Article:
Etc.

Bailout? We don't need one.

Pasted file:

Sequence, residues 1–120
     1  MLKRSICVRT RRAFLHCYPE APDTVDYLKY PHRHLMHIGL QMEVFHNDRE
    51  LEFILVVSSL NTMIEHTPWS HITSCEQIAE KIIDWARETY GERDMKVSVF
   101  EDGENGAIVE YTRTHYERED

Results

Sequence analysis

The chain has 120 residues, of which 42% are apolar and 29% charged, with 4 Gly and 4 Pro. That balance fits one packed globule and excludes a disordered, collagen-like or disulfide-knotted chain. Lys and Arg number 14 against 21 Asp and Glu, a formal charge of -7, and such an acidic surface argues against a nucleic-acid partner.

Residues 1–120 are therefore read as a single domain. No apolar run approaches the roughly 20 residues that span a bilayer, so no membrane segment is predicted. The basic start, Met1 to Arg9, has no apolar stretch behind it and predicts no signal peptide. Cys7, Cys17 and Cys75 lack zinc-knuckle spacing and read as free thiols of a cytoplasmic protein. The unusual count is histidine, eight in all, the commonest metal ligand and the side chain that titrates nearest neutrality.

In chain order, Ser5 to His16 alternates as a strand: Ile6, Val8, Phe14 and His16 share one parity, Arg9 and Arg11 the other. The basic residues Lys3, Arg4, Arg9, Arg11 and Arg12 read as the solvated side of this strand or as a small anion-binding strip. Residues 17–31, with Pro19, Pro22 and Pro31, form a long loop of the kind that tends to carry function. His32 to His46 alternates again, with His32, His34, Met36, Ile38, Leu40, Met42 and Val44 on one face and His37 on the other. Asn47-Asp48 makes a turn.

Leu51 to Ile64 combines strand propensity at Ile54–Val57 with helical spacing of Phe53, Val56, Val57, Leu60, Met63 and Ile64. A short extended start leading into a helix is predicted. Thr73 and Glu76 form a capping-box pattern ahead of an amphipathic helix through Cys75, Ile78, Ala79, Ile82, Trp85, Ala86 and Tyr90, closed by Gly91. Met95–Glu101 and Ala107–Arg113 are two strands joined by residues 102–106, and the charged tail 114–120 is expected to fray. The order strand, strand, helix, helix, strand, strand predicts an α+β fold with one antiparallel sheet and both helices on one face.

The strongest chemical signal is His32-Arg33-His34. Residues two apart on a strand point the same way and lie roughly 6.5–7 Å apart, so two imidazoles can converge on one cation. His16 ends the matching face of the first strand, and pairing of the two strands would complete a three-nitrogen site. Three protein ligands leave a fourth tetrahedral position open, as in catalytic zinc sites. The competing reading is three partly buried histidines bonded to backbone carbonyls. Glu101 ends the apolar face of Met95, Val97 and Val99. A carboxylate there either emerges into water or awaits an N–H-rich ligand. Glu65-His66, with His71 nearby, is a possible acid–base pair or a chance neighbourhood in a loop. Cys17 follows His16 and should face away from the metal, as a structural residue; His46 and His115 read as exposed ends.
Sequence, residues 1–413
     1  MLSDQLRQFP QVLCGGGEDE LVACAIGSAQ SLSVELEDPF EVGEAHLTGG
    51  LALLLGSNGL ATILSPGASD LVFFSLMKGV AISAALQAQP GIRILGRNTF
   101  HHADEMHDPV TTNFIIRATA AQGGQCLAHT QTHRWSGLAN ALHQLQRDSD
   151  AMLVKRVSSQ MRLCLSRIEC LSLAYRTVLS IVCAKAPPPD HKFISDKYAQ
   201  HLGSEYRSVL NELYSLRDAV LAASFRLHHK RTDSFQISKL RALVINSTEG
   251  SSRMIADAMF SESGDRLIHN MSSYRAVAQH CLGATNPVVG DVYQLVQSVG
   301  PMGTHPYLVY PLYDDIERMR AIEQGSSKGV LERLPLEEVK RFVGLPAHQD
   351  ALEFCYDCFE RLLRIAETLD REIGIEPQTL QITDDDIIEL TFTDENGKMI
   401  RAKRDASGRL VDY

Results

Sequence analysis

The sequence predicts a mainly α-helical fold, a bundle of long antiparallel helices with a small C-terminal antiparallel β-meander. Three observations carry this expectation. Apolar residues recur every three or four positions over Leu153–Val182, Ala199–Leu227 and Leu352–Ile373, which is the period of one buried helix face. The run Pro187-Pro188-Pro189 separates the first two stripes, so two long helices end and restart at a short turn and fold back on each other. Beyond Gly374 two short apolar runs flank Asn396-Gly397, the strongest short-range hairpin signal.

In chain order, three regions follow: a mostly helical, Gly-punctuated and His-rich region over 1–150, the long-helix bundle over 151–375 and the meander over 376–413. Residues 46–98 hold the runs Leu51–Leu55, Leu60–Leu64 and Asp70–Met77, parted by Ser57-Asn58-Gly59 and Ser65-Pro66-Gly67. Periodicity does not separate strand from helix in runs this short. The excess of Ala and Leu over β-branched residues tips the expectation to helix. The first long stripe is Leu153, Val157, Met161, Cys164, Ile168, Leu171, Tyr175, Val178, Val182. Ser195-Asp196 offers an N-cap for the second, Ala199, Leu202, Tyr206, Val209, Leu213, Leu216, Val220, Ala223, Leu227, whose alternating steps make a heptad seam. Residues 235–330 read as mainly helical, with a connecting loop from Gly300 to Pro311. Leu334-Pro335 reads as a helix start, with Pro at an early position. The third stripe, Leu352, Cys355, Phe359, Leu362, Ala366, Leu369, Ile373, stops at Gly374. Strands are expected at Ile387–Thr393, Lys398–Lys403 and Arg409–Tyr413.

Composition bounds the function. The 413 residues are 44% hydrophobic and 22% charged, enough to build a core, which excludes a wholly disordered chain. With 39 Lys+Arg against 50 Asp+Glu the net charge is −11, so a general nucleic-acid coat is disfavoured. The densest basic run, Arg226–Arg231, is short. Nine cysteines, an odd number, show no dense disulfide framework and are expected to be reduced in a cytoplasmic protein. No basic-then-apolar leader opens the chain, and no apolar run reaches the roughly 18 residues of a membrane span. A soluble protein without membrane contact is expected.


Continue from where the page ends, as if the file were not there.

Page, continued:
Buy one, get one free: It's an old sales pitch for haberdashers with surplus suits to sell. It also worked for Bill Clinton when he sought votes for the presidency on the grounds that his wife, highly regarded attorney Hillary Rodham Clinton, would be an integral part of his administration if he was elected. But you wouldn't think a new-car dealer would go far using it as a lure for customers, even in the current economy, right? Wrong. Not if the dealer in question is Cardoen, one of Belgium's leading retailers. For at least another week, it's advertising that any customer who pays full price for a car or van in time for Christmas may select a second vehicle from one of its showrooms for nothing. Er, provided the second costs no more than €14,000 (US $17,800), that is. For purposes of comparison, imagine buying, say, a Cadillac DTS and adding on a Saturn Ion. But wait: Europe's economy is struggling, too. How can a dealer afford such a promotion without bankrupting itself? Well, says sales director Ivo Willems, it's because distributors elsewhere in Europe were desperate to dispose of unsold cars. In Spain, for instance, sales fell by almost half in November. So Cardoen bought up some of their surplus at big discounts. And since the promotion began, the Antwerp dealer's eight showrooms are reporting "more than 10 times" their usual number of visitors this time of year, even from abroad. "People will still buy cars," Willems says. "You just have to give them as much advantage as possible." He hasn't advised dealers in the US to follow this lead, but he says the economic slump isn't affecting Cardoen's sales – at least, not so far.

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